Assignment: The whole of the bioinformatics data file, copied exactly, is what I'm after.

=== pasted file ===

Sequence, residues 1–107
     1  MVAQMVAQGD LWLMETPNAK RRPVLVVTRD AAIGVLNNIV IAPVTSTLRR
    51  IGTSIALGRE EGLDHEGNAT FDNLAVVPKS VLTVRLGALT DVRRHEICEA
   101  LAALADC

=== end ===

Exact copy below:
Sequence, residues 1–107
     1  MVAQMVAQGD LWLMETPNAK RRPVLVVTRD AAIGVLNNIV IAPVTSTLRR
    51  IGTSIALGRE EGLDHEGNAT FDNLAVVPKS VLTVRLGALT DVRRHEICEA
   101  LAALADC